Cost of Living & Property Choices - July 2023
July 31, 2023 / Written by Rich Harvey
Given the rapid escalation in cost of living on household budgets, how is this impacting on people's housing choices? It seems that many people are finding it increasingly unaffordable to buy a freestanding home in their preferred suburbs where they can an easy commute to their workplace. Is this housing crisis creating a great social divide between those owning houses and those continuing in the rental pool?
As the cost of living continues to rise at a rapid pace, it is significantly influencing people's housing decisions in Australia. The increasing unaffordability of freestanding homes in preferred suburbs, coupled with the changing preferences of younger generations, has led to a surge in demand for alternative housing options. As a result, many young Australians are making rational choices, relinquishing the traditional dream of homeownership, and focusing on achieving financial independence instead. This article explores the implications of these trends, shedding light on the evolving landscape of housing preferences and the challenges of accommodating immigration projections.
The escalating cost of living is impacting individuals of all ages when it comes to deciding where to live. Affordability constraints are forcing many people to compromise on their location preferences, either by seeking alternative suburbs with lower property prices or by considering other housing options such as apartments or smaller dwellings. As a result, individuals might need to relocate to areas further away from their workplaces, which can have implications on commuting times and quality of life.
As property prices soar, younger generations, in particular, are finding it increasingly difficult to enter the housing market. Outer suburbs of Sydney and Melbourne are becoming popular hotspots for younger Aussies, particularly Gen Y (MillenniaIs), as evidenced by a natural population increase these outer suburb locations. Suburbs like Mickleham and Wollert in outer Melbourne and Schofields and Oran Park in outer Sydney are among the top ten growing suburbs in Australia, particularly for these younger generations. This highlights a preference shift among young Australians, who are seeking affordable house and land packages in these areas. Conversely, suburbs that historically experienced significant natural population growth, such as Forster, Tuncurry, and Ballina along NSW's mid-north coast, have a higher median age skewed toward Baby Boomers showcasing a contrast in generational living preferences.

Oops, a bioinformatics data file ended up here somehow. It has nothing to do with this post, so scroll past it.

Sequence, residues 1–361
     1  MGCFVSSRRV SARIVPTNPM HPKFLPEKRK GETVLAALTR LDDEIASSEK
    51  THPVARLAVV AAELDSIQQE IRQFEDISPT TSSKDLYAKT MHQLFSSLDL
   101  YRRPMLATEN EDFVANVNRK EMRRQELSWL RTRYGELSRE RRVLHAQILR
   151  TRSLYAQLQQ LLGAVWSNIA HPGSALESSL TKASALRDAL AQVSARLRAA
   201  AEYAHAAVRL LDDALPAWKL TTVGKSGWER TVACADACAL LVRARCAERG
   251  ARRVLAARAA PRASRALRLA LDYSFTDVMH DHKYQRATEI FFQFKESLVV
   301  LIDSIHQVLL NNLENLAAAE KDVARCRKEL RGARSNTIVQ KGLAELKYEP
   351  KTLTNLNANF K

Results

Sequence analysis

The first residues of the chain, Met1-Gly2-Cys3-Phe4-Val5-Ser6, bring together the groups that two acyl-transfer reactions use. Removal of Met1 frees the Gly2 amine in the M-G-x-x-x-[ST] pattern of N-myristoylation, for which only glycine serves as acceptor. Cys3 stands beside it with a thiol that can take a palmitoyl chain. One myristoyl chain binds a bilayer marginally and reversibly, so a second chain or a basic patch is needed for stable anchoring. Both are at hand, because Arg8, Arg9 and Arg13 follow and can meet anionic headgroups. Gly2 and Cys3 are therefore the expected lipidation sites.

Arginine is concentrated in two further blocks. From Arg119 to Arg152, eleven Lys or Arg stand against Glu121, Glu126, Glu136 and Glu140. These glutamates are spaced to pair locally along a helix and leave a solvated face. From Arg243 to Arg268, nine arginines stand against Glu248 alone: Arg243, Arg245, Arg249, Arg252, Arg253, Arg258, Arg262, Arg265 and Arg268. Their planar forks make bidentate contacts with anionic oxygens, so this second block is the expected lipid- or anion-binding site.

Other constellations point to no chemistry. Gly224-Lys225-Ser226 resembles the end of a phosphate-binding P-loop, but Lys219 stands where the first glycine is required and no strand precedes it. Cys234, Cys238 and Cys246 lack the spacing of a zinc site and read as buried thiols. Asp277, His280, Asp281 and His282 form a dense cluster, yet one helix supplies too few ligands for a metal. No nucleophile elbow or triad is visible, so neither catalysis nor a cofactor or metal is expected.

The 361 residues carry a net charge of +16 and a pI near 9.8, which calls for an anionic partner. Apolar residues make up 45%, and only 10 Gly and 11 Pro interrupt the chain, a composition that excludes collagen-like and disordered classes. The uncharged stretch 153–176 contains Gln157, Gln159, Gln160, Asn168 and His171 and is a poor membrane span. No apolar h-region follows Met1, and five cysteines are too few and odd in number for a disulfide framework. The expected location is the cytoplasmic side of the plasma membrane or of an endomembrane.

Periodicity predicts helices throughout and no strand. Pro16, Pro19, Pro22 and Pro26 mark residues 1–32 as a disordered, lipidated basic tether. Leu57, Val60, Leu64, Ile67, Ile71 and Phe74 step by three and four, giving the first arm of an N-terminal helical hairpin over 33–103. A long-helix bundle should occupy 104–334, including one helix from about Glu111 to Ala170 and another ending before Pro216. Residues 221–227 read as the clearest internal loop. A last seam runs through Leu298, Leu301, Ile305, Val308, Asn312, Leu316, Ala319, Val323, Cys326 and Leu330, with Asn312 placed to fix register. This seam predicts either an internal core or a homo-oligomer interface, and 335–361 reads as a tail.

Amidst the soaring cost of living and unaffordable housing prices in major capital cities, young Australians are reevaluating their dream of homeownership. Many are opting for financial independence over traditional property ownership, redirecting their resources towards investment in stocks, diversified portfolios, and entrepreneurial pursuits. This shift reflects their adaptive response to the changing housing landscape and a pursuit of sustainable wealth for the future.
Additionally, driven by the high cost of rent and housing, an alternative trend is emerging among young Australians who choose to remain in their parents' or childhood homes for longer periods. Escalating property prices make renting or purchasing homes in expensive urban areas unfeasible for many. As a result, multi-generational households are becoming more commonplace, as families come together to share living spaces and expenses. This trend not only alleviates financial strains for young Australians but also strengthens family bonds, providing them with the opportunity to save for a more stable financial future. While some opt for financial independence, others find solace in the support and cost-saving benefits of extended family living arrangements.
In line with the government's projection of welcoming around 400,000 migrants into Australia over the next year, the anticipated influx of migrants necessitates a comprehensive approach to meet their housing needs. It calls for a combination of strategies, including the development of new residential areas, expansion of existing suburbs, and the creation of vibrant, sustainable communities that cater to diverse populations. Australia needs to build an additional three million homes over the next two decades to provide the needed infrastructure to house Australia's growing population. Coupled with investing in transportation networks and the provision of essential services such as healthcare, education and recreational facilities becomes paramount to ensure quality of life for both new and existing residents.
The higher cost of living is giving rise to various housing trends across Australia. As property prices become less attainable, more people are opting for apartment living due to their relatively lower cost and convenience. Additionally, the concept of granny flats and tiny homes is gaining popularity as a means to provide affordable housing solutions while utilizing limited space efficiently. In the face of the challenges posed by the rising cost of living and unaffordable housing, young Australians are displaying resilience and adaptability in their housing choices. While some are embracing financial independence as an alternative to traditional homeownership, others find comfort in the emerging trend of multi-generational households, fostering stronger family connections and financial support. These evolving housing preferences reflect the determination of young individuals to navigate the changing landscape and create sustainable pathways towards a brighter future.
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